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Evaluation of wound healing activity of topical nicotine in an excision wound model in rats

Anita Anup Barde, Swati Nilesh Chavan, Rahul Raghunath Bhalsinge, Satkar Rajbhoj, Mustafa Raja, Abhijeet Tilak.


Background: Wound can be defined as disruption of cellular, anatomical, or functional continuity of living tissues. Nicotine causes damage to the epithelial layer of blood vessel and delays wound healing. It plays an important pathogenic role in impaired wound healing. Although in the last millennium, topical use of nicotine has been reported. It promotes collagen synthesis and, in turn, promotes wound healing. The role of topical nicotine on wound healing is controversial. Therefore, it was planned to evaluate and compare wound healing activity of various doses topical nicotine in rats.

Aim and Objectives: The objectives of this study were to evaluate the effect of topical nicotine on wound healing in an excision wound model in rats.

Materials and Methods: For evaluation of the wound healing effects of the nicotine, excision wound model was used. Nicotine was applied topically in a dose of 1.5 g%, 3.0 g%, and 6.0 g% petroleum base. Petroleum jelly served as control for topical nicotine. Dressing done by applying topical nicotine until (20 days) complete wound healing was observed. Parameters evaluated were surface area of wound and percentage closure.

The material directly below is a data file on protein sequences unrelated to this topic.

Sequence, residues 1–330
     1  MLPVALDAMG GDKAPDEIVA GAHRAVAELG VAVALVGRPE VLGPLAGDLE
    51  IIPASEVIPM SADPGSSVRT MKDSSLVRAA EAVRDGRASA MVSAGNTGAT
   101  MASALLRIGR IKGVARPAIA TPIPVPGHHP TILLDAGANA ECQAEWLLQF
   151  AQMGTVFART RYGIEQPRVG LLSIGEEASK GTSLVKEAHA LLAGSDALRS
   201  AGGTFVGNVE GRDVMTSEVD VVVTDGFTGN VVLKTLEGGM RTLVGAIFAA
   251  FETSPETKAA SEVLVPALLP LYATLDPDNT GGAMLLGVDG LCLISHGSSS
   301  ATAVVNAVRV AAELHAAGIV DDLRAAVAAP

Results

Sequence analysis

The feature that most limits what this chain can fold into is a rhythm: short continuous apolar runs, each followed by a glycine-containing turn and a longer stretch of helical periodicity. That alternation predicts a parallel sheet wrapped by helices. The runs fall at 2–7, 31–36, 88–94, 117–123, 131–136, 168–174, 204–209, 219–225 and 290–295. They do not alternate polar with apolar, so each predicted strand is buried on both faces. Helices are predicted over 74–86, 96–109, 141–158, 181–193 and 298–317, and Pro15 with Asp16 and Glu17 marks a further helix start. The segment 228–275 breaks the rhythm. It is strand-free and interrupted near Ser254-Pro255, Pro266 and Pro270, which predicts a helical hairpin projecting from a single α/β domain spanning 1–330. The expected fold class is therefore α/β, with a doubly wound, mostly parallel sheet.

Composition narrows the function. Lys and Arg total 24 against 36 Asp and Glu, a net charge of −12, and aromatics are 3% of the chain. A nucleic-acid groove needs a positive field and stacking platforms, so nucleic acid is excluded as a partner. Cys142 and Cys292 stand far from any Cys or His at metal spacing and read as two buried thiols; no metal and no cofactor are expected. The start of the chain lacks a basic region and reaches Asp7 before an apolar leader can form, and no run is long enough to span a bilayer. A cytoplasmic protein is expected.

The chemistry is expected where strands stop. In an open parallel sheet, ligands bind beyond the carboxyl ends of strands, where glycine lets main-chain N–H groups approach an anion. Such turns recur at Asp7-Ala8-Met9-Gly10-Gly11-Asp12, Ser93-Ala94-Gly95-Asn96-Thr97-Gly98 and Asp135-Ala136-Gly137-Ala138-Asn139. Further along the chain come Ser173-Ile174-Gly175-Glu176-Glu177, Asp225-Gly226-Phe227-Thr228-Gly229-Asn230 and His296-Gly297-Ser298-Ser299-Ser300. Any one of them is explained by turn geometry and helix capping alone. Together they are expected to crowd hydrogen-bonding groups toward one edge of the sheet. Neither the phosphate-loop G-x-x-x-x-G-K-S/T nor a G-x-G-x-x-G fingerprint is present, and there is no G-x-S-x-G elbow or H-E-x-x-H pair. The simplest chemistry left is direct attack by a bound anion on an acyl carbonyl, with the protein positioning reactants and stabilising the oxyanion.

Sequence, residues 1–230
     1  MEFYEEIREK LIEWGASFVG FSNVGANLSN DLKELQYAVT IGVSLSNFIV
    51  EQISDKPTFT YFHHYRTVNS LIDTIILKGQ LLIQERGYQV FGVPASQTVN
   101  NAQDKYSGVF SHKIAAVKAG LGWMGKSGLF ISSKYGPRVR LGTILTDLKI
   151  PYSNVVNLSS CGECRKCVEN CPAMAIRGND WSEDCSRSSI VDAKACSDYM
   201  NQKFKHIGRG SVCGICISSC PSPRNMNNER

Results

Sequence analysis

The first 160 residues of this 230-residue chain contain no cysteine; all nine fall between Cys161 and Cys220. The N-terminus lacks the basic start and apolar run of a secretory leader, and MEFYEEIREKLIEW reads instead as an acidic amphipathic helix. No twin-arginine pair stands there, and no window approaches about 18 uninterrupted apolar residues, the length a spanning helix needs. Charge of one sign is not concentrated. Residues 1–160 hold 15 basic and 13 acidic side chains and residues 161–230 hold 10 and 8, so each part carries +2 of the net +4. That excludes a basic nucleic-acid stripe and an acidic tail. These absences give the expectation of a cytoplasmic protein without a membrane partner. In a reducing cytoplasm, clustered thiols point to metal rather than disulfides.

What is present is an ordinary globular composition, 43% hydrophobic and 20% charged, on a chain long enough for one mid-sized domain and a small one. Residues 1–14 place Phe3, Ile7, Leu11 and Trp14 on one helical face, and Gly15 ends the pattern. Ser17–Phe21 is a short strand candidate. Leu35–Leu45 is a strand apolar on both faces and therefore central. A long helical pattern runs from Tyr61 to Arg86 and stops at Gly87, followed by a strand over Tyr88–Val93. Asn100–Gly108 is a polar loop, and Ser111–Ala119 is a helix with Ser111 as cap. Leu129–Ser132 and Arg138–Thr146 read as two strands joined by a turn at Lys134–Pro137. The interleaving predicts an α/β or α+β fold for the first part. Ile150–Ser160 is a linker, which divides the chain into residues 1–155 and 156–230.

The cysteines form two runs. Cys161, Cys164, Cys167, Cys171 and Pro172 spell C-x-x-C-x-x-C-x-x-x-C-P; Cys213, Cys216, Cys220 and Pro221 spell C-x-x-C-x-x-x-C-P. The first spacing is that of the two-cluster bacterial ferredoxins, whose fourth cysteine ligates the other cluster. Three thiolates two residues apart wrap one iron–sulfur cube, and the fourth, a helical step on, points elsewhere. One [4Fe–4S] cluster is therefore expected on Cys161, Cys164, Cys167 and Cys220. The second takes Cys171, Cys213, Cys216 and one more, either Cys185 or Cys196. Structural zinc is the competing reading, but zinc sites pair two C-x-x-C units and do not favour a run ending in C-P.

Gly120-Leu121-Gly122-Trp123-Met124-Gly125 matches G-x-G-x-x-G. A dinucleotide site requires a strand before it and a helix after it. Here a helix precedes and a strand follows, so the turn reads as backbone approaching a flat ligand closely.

Results: Findings of this show that, on day 4, nicotine 3.0 g% and 6 g% the wound surface area were more as compared to control. On day 12, nicotine 6.0 g% showed significantly more wound surface area than control (P < 0.05). Percentage wound contraction with topical nicotine (6.0 g%) was less as compared to control on day 4, 8, and 12 (P < 0.001). On day 16, percentage wound contracture with topical nicotine (6.0 g%) contraction was significantly less as compared to control (P < 0.05). Although percentage wound contraction with topical nicotine (all preparations) and control was similar on day 20.

Conclusion: Finding shows that topical nicotine impairs wound healing in a dose related pattern during initial stages of healing in an excision wound model. However, there is no delay in wound healing with any dose of topical nicotine.

Key words: Topical Nicotine; Excision Wound Model; Wound Healing Activity

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